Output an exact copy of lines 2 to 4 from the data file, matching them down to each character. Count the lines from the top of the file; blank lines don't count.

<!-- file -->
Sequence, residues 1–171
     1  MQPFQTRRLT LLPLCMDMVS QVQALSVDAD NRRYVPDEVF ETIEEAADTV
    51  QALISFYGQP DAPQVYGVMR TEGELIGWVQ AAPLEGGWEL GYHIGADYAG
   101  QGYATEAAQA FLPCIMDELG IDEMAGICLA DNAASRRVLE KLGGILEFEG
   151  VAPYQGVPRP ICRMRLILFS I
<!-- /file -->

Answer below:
     1  MQPFQTRRLT LLPLCMDMVS QVQALSVDAD NRRYVPDEVF ETIEEAADTV
    51  QALISFYGQP DAPQVYGVMR TEGELIGWVQ AAPLEGGWEL GYHIGADYAG
   101  QGYATEAAQA FLPCIMDELG IDEMAGICLA DNAASRRVLE KLGGILEFEG